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Spain has lot to offer in terms of defence trade: Indian ambassador Patnaik

The two countries share an increasingly important relationship through bilateral exchanges, he said, adding more and more Indian filmmakers are now exploring Spain's scenic locations

Airbus C295

Airbus C295 (Photo: ANI)

Press Trust of India Valladolid (Spain)
Indian ambassador to Spain Dinesh Patnaik has said that the European country has "a lot to offer" in terms of bilateral trade in defence, start-up and IT ecosystem, and cultural exchange.
The two countries share an increasingly important relationship through bilateral exchanges, he said, adding more and more Indian filmmakers are now exploring Spain's scenic locations, the latest being films such as Pathaan and Tu Jhoothi Main Makkar, and India is buying C295 aircraft, submarines and automotive components from Spain.
The European country, in turn, procures chemicals, mechanical, engineering and electrical equipments from India, he said.
"In the last one-and-a-half years, our trade has increased by about 30 per cent. We have a surplus of $4 billion with them. With very few countries we have such large surpluses, especially when it is non-petroleum products. But there is a lot more that can be done. This is just the tip of the iceberg," Patnaik told PTI in an interview.
Speaking on the sidelines of the recently concluded JLF Valladolid here, Patnaik said that for years Spain has been "outside the periphery of our activities" as more attention was given to the anglophone world and to Germany and France in Europe.
The two countries, he added, can benefit from each other through trade in chemicals, machine and engineering products, electrical equipment, and automotive components.
According to the Indian Embassy in Spain, bilateral trade in goods in 2022 stood at $7.92 billion, growing by 17.6 per cent over a similar period a year ago.
India's exports grew by 21.3 per cent and stood at USD 6.02 billion and imports grew by 7.3 per cent and stood at $1.9 billion.
The ease of business in India has also attracted Spanish manufacturers to relocate from Russia and China, he said.
"India will be the place with the maximum automobiles sold in the future. Our automobile capacity is very low. So a lot of these Spanish companies are relocating to India, putting in a large part of their activities. They're moving production away from China, Russia and other places, where they find it difficult, to go to India where they find it easier to do," the diplomat said.
Talking about the business opportunities from India to Spain, Patnaik noted that while there are about 100 Indian companies in Spain the number has been steadily increasing.
"A large number of Indian professionals are coming and working here, a large number of researchers, research institutes, IT companies, start-ups, many of them are moving here. We encourage all of them, we help them. We made the embassy their first stop. We have started the India Spain Chamber of Commerce which is going to be launched soon," he added.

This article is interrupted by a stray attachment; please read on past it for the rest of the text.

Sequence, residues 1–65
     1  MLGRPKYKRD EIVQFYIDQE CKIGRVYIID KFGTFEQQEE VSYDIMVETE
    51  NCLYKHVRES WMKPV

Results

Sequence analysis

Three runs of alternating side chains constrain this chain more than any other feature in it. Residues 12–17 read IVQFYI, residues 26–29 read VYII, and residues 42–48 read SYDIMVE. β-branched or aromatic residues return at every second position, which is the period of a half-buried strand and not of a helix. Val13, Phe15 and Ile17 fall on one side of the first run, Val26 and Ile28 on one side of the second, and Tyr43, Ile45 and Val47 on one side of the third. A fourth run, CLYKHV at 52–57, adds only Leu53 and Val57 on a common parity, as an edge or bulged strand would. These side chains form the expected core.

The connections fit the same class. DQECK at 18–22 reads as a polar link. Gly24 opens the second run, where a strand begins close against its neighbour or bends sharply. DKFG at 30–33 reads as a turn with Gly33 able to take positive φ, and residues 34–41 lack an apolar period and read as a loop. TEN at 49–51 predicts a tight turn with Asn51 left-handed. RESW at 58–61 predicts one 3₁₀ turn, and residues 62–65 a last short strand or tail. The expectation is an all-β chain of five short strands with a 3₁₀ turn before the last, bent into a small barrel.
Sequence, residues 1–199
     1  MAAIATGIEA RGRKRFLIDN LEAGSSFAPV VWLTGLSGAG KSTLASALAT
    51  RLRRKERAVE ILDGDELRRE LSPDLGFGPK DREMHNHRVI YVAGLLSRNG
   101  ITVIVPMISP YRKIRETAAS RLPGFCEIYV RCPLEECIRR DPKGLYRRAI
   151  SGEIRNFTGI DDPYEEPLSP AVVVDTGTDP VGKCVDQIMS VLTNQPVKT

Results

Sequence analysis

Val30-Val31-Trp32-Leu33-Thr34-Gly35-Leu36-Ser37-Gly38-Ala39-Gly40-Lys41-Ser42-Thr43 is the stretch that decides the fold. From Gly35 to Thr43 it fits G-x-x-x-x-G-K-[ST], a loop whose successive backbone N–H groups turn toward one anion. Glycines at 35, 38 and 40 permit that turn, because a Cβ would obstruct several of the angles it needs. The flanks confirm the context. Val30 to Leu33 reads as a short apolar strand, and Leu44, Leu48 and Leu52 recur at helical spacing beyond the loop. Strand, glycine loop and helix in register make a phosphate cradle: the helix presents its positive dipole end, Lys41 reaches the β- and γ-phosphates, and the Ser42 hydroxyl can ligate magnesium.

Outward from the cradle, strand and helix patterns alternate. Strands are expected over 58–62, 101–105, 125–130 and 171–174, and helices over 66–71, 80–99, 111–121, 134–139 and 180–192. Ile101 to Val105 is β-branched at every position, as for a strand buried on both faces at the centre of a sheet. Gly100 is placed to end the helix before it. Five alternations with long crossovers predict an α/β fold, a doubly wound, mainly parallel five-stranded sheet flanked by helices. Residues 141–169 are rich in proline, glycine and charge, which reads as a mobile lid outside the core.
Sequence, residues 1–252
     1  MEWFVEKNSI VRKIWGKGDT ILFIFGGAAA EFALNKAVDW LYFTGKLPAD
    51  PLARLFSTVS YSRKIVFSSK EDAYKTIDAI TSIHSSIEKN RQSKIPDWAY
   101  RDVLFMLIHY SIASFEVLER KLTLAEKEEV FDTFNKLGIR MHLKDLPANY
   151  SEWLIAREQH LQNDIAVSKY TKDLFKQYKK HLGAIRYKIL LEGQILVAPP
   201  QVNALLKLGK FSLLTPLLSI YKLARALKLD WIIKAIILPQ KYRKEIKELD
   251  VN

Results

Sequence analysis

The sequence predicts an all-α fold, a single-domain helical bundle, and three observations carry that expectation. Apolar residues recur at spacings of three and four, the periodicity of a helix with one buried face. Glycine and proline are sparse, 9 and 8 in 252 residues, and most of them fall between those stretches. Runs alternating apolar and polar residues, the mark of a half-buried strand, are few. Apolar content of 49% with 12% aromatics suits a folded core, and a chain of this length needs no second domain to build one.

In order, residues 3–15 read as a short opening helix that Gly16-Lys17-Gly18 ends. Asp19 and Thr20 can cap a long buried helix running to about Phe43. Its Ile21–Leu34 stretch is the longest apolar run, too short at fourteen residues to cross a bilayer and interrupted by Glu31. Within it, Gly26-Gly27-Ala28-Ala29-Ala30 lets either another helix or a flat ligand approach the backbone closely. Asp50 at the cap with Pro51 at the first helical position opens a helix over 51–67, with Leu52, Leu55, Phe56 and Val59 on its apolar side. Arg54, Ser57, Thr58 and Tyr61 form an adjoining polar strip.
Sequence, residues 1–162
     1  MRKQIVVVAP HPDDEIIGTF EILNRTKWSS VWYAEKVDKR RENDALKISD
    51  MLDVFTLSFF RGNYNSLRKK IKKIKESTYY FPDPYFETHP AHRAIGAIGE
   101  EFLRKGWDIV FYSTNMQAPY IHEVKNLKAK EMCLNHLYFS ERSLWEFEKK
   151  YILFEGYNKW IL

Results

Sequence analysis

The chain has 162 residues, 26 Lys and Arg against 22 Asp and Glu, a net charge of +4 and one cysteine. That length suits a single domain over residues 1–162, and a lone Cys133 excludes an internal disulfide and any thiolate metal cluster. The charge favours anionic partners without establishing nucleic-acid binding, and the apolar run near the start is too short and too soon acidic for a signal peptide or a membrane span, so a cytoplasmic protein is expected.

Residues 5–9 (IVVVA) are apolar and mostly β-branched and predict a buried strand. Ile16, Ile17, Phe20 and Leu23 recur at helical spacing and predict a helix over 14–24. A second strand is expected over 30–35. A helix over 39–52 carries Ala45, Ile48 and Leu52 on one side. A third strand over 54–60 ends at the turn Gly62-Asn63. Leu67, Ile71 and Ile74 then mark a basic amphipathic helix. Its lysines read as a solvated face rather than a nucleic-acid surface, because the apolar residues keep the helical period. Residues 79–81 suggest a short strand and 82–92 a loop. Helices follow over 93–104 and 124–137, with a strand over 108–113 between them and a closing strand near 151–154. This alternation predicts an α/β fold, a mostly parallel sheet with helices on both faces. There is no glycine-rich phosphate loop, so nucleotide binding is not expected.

The India-Spain bilateral ties go beyond commercial cooperation as the two countries share similar culture, food and even behavioural traits.
Talking about cultural similarities and affinity towards each other's culture, Patnaik said there has been an increasing interest among the Spanish people towards Indian activities such as yoga, films, dance and music.
"The Spanish people love Indian music and dance. Bollywood is very popular here.... There's a lot more than that, both countries have vibrant cultural industries. So we have been doing a lot in the last many years, we do Yoga Day, for example. Everywhere there are yoga schools and yoga institutes. When you do anything, culturally, music, dance, there are a lot of takers for it, Patnaik said.
He added that they encourage people to take meditation courses and take part in Indian festivals such as Holi and Diwali.
The cultural similarities, he said, make one miss home a little less.
"Half the time you feel you're in India because the people are so similar. They're family-oriented. They're loud. They argue a lot. They love food. They love colourful clothes. If you look at the rest of Europe, most of them wear black and greys, here they wear very colourful clothes. So it's a place where you feel at home.
"I mean for us, India is always home, you miss the vibrancy of India but as diplomats when you're abroad, this is the place where you miss India the least," Patnaik said.
Despite sharing a similar palate for spicy and savoury food, Indians coming to Spain find a dearth of vegetarian food options, a situation the embassy is trying to resolve, he said.
"They are like us, they like it more spicy, more 'chatpata'. We are now working on a project to map all the Indian restaurants here and to do annual food promotion to see how we can increase their visibility. To make sure people know about it and not just Indian restaurants but all vegetarian restaurants. Because I find that whenever Indians travel they look for vegetarian restaurants and there are very few places where you can find vegetarian restaurants," he said.
The international extension of Jaipur Literature Festival (JLF) is held in different parts of the world, including the US and the UK.
The first edition of JLF Valladolid was organised earlier this month with an aim to become "a bridge between the diverse and vibrant literatures of Spain and India".

(Only the headline and picture of this report may have been reworked by the Business Standard staff; the rest of the content is auto-generated from a syndicated feed.)

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First Published: Jun 23 2023 | 11:52 AM IST

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